Marine Weather Net

Eastern Bay, MD Marine Forecast


5 - 10







The Marine Weather Forecast In Detail:
ANZ540 Forecast Issued: 139 AM EDT Mon Sep 28 2020

Overnight...S Winds 5 To 10 Kt. Waves 1 Ft.
Mon...S Winds 10 Kt With Gusts To 20 Kt. Waves 1 Ft.
Mon Night...S Winds 10 Kt With Gusts To 20 Kt. Waves 1 Ft.
Tue...S Winds 10 Kt. Waves 1 Ft. Showers Likely.
Tue Night...Sw Winds 5 To 10 Kt. Waves 1 Ft. Showers With A Chance Of Tstms.
Wed...Nw Winds 5 To 10 Kt. Waves 1 Ft. Showers Likely.
Wed Night...Nw Winds 5 To 10 Kt. Gusts Up To 20 Kt After Midnight. Waves 1 Ft. A Chance Of Showers.
Thu...W Winds 5 To 10 Kt. Waves 1 Ft. A Chance Of Showers In The Morning.
Fri...Nw Winds 5 To 10 Kt. Waves 1 Ft. Winds And Waves Higher And Visibilities Lower In And Near Tstms.
SHARE THIS PAGE:           
Area Forecast Discussion
National Weather Service Baltimore MD/Washington DC
136am EDT Monday September 28 2020

A cold front will move very slowly through the area Tuesday through Wednesday followed by a second reinforcing cold front early Friday. High pressure will build over the region at the end of the week.

Near Term - Through Tonight
A shortwave-trough is moving through the area this morning and responsible for a high dense overcast. This feature is expected to exit the area to the northeast by 15Z today with scattered fair weather cumulus. Shortwave-rdiging and lingering subsidence today should keep things mainly dry except perhaps in the mtns where models show shallow convection possible, not a guarantee, but it's a non-zero chance. Nothing significant will happen tonight other than an increase in cloud cover late tonight primarily low-level clouds as moisture deepens ahead of the approaching cold front.

Short Term - Tuesday Through Wednesday Night
As upper level trough amplifies east of the MS River Tuesday and upper level flow becomes parallel to surface front, surface cold front will slow down with multiple areas of low pressure developing in response to deepening trough and strengthening jet dynamics. Moderate to heavy rainfall is expected mainly in the Tuesday night time frame as areas of low pressure move across the area. Heaviest rainfall is expected mainly east of the Rt 15 corridor where the best instability is forecast. 1-2 inches of rain seem likely east of Rt 15 with potential for 2-4 inches east of I-95.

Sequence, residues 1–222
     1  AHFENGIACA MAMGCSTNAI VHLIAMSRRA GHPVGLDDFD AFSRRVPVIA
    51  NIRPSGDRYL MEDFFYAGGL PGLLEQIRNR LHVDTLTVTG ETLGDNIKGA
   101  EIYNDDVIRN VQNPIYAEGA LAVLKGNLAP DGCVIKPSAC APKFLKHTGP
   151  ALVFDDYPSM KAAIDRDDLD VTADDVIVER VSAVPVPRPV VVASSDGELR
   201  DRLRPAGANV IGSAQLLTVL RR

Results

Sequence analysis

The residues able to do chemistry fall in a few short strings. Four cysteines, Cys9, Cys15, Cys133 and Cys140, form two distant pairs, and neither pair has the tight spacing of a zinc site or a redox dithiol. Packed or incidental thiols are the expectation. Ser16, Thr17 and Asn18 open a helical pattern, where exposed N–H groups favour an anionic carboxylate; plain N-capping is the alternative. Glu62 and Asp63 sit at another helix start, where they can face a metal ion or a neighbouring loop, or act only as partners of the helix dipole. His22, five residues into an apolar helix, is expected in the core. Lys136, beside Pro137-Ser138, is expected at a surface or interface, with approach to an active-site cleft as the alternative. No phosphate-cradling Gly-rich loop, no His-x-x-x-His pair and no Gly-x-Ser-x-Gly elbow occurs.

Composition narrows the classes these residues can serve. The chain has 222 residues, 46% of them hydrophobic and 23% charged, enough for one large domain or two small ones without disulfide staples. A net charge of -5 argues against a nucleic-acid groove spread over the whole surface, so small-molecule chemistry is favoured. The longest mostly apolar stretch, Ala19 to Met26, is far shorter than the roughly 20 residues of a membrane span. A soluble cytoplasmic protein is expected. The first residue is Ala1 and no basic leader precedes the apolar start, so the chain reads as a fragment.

Conditions will begin to improve gradually from west to east Wed with rain/showers tapering off Wednesday afternoon.

Long Term - Thursday Through Sunday
On the synoptic scale, broad troughing will dominate over the eastern US from Thursday through the weekend. Multiple shortwaves will progress through the longwave trough during this time period, but low-level moisture will be lacking within the post frontal air mass, and none of the disturbances will be overly impressive. As a result, no precipitation is expected outside of a stray afternoon shower on Thursday or Friday in response to daytime heating beneath the upper trough. A mix of sun and clouds is expected each day, with increased cloudiness during the afternoon hours in response to daytime heating and resultant mixing. Temperatures will run below normal for late September/early October. On Thursday, highs will reach into the upper 60s to low 70s. Slightly cooler air will advect in aloft by Friday into the weekend as the main trough axis shifts overhead. This will lead to highs in the 60s (50s in the mountains), and lows in the 40s (low 50s in downtown DC/Baltimore, 30s in the mountains).

SCA (Small Craft Advisory) conditions possible this afternoon, but not guaranteed. SCA conditions more likely Tuesday night into Thu morning with SMWs possible Tuesday night in heavy showers and t-storms.

Winds may approach SCA (Small Craft Advisory) levels on Thursday in westerly flow behind a departing area of low pressure. Thereafter, sub-SCA (Small Craft Advisory) level winds are expected over the waters.


The KLWX (Sterling, VA) WSR-88D remains out of service until further notice. The outage is due to a failure within the Radar Data Acquisition Functional Area that occurred early in the morning on September 20, 2020.

Saturday morning, technicians from the National Weather Service Radar Operations Center diagnosed a failure in the bull-gear. This will cause a lengthy delay in returning KLWX WSR-88D to service. Staff from the WSR-88D Radar Operations Center, NWS Eastern Region Headquarters, and the Baltimore/Washington Weather Forecast Office (WFO) will meet today Monday, September 28 to determine the next steps. At that time, we will provide you with another update on the repair and expected time to return KLWX to service. At this point, the radar will be out of service for at least another week or two.

Users of KLWX can utilize adjacent weather radars located in Dover DE (KDOX), Mt. Holly NJ (KDIX), Pittsburgh PA (KPBZ), Charleston WV (KRLX), Blacksburg VA (KFCX), and Wakefield VA

Further updates to keep users informed about the situation will be issued as information becomes available. Thank you for your understanding during this extended outage.

NOAA Baltimore MD/Washington DC Office: Watches - Warnings - Advisories
DC...None. MD...None. VA...None. WV...None.
Small Craft Advisory from 10am this morning to 6pm EDT this evening for ANZ530>543.